Cited as the troika’s most politically benign member, Qatar’s natural gas export outlook is of particular interest. The EIA reports Qatar consumed only about a quarter of the 2.7 Tcf it produced last year. As the largest LNG exporter in the world, 70% of the country’s exports are in the form of LNG. Development has mostly focused on large-scale projects linked to LNG or downstream industries that utilize natural gas as feedstock. These efforts tend to favor partnerships with international oil companies due to their advanced technologies and expertise. Qatar’s two majority state-owned LNG companies, Qatargas and Rasgas, are therefore working to develop and market its gas with, among others, Shell, Total, and ExxonMobil. Qatar plays a crucial role in the growing spot gas market and, along with other Middle Eastern countries, is the swing producer between the Asian and Atlantic markets.
The prospect of Qatar playing the counterweight to Gazprom’s control of EU supplies has prompted Russian efforts to pull Qatar into gas OPEC. For the EU, the assignment now is to ensure LNG cargoes keep coming rather than going east where prices have been higher. Qatar has generally sold its gas on long-term contracts but can redirect supplies if buyers pay up; it recently diverted gas to China that had been earmarked for the U.S. “We will not go to a low price market – there is a lot of demand for our gas elsewhere,” says Qatar energy advisor, Ibrahim al-Ibrahim. Qatar, and other shippers, have been deterred to send large amounts of LNG to the U.S. due to its increases in domestic supply, lowered demand and record-high inventories. Qatar wants to maintain its independent foreign policy but realizes it must also balance its relations with the U.S. and Iran.
Qatar’s wait-and-see approach will continually make its future export capacity inconclusive. Speculation is mounting that the North Field, the world’s largest gas play and the basis of Qatar’s production plans, may not hold as much natural gas as previously assumed. A moratorium was placed on additional projects at the field to examine strategies for development optimization. Continued economic growth could have Qatar preserving the bulk of its reserves for domestic development. Staggering energy sales have tiny Qatar being commonly referred to as “the richest country in the world.” Qatar has the second-highest gross domestic product per capita in the world (over U.S. $120,000), more than double that of the U.S. and those of the EU. Power generation, desalination and industrial growth will be given priority over the expansion of gas export capacity.
Despite a shaky future export capacity that will limit its leverage as the largest natural gas owners in the world, the troika seeks to compete against Western domestic resources over the mid- and long-term, namely our critical shale plays. Unfortunately, a globalizing gas market is destined to benefit a gas OPEC and the objective to challenge market-based democracies through high prices and wealth transfer. The Obama administration should thus take the lead in establishing a coherent global policy to mitigate gas cartelization predicated upon the reality that cartels thwart economic progress, exert price-fixing, and defy antitrust laws. In addition, North America and the EU must revamp efforts to expand domestic natural gas production by more fully opening their vast onshore and offshore resources to exploration.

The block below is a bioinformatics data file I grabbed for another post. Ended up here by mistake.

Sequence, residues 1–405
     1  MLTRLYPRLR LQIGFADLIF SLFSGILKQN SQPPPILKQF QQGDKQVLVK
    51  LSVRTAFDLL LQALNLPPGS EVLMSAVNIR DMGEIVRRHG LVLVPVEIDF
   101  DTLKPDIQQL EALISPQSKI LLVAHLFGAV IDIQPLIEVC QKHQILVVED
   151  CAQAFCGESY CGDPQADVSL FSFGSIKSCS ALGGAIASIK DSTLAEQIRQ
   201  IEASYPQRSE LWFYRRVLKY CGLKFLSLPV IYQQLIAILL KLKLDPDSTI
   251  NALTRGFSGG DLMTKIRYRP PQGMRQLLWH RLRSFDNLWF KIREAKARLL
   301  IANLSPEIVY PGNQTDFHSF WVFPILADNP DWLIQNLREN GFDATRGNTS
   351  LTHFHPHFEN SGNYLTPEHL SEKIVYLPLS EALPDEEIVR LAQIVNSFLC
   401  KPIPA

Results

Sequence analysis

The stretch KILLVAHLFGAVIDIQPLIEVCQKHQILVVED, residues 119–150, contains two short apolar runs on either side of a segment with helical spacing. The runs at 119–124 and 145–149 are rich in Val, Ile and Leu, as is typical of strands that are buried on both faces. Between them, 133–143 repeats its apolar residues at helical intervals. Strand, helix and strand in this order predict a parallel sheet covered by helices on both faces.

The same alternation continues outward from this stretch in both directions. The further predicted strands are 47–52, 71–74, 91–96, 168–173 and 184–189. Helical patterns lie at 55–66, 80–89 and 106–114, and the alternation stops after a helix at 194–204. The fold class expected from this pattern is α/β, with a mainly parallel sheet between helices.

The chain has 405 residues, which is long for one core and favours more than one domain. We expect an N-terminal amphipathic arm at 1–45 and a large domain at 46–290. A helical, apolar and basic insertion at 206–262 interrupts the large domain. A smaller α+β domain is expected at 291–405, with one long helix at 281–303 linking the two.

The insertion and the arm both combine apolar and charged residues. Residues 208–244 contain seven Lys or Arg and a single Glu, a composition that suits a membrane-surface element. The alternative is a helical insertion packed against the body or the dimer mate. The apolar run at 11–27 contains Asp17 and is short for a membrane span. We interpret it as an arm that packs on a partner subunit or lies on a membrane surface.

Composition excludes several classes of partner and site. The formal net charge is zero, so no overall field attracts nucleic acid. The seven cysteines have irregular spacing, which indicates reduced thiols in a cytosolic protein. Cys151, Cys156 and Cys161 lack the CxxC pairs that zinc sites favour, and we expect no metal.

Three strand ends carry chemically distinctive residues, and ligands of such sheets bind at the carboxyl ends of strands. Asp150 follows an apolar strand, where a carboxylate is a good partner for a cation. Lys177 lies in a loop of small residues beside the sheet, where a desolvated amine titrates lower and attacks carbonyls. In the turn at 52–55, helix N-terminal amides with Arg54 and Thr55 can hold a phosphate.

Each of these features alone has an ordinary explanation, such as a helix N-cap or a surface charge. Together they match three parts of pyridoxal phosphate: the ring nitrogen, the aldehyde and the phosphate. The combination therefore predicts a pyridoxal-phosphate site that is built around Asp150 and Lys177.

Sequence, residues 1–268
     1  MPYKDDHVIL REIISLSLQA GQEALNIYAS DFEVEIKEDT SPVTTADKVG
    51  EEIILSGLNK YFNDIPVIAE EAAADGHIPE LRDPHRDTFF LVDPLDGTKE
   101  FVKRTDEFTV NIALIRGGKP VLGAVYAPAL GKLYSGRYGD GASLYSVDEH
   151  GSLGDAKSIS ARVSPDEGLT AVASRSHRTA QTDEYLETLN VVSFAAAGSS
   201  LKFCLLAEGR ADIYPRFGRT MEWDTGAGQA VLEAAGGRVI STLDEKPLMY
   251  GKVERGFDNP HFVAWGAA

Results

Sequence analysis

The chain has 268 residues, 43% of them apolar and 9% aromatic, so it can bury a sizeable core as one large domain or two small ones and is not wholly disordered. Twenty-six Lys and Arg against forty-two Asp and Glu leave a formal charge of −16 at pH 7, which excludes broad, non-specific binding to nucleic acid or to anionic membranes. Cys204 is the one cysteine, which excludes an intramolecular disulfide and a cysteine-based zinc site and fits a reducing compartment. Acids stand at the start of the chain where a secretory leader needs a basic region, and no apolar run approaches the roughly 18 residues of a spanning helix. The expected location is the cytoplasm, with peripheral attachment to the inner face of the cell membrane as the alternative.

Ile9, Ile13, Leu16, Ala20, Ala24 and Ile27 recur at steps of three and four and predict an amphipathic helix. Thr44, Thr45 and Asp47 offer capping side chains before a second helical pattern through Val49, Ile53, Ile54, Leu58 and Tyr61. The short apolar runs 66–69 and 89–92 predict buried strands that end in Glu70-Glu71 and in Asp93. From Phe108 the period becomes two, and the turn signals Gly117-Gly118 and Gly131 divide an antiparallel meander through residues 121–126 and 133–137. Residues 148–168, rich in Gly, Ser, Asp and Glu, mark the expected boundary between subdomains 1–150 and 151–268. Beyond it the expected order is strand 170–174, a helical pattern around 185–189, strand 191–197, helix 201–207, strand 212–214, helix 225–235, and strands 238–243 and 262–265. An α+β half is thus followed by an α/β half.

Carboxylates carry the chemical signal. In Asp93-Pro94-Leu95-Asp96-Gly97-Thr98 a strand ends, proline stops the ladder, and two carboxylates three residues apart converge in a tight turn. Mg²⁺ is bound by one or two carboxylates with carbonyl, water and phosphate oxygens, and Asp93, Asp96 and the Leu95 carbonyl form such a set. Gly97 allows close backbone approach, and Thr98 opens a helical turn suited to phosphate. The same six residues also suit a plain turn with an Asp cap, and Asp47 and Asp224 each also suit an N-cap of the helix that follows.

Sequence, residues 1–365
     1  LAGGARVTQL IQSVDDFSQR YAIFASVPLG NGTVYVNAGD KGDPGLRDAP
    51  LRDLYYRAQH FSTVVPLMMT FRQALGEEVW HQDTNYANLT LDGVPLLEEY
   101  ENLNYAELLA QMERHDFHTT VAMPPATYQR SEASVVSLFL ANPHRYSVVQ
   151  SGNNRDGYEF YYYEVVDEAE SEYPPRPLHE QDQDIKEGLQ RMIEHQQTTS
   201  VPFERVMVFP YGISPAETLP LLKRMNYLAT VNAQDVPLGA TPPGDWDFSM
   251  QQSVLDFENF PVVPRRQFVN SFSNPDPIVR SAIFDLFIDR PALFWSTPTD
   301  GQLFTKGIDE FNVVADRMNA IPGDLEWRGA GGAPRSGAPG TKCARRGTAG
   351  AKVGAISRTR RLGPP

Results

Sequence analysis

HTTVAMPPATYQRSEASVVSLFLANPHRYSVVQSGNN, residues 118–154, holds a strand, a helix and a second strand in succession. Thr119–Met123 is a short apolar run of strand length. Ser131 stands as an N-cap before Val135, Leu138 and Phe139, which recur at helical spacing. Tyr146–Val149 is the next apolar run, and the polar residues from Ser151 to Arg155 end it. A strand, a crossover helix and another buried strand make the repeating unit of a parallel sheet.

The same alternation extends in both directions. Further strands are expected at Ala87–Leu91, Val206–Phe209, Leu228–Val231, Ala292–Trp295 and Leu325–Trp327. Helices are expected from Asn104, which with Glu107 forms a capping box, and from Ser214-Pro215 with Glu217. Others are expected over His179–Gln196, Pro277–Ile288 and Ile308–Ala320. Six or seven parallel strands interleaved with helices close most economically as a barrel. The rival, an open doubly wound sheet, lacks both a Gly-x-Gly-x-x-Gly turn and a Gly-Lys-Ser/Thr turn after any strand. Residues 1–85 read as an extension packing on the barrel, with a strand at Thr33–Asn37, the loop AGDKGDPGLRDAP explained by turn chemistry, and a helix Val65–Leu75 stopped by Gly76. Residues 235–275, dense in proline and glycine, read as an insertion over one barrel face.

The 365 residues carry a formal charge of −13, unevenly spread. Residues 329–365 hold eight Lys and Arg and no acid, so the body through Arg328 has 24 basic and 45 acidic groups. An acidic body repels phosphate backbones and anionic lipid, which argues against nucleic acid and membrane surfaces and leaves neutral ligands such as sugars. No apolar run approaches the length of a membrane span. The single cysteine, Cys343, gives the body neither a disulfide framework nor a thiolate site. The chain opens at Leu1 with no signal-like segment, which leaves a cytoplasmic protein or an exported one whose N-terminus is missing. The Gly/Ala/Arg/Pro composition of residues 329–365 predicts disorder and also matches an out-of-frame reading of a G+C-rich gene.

The timely arrival of the U.S. shale plays is an industrial boon that illustrates how quickly modern technologies and increased opportunity can transform a country’s domestic energy outlook. The West should also more thoroughly engage heavily resourced Australia (a nation slowly slipping away to China) and those Gas Exporting Countries Forum members opposed to Russian-Iranian domination. The Organization for Economic Cooperation and Development (OECD) and the International Energy Agency must endure and work to amend the IEA’s constitution to possibly grant China, India and Brazil membership – over 80% of the world’s incremental growth in energy demand over the next 20 years will stem from non-OECD nations. Currently, these rising powers can only cooperate with the 28-member IEA through special partnerships.
Jude Clemente is an energy security analyst and technical writer in the Homeland Security Department at San Diego State University. He holds a B.A. degree in political science from Penn State University and a master’s degree in homeland security from SDSU. He also holds certificates in infrastructure protection and emergency preparedness from the Federal Emergency Management Agency, the American Red Cross, and the U.S. Department of Homeland Security. His research specialization is energy security at the national and international levels. His most recent work has appeared in Pipeline & Gas Journal, Carbon Capture Journal, Journal of Energy Security, and Managing Power. He can be reached at firstname.lastname@example.org.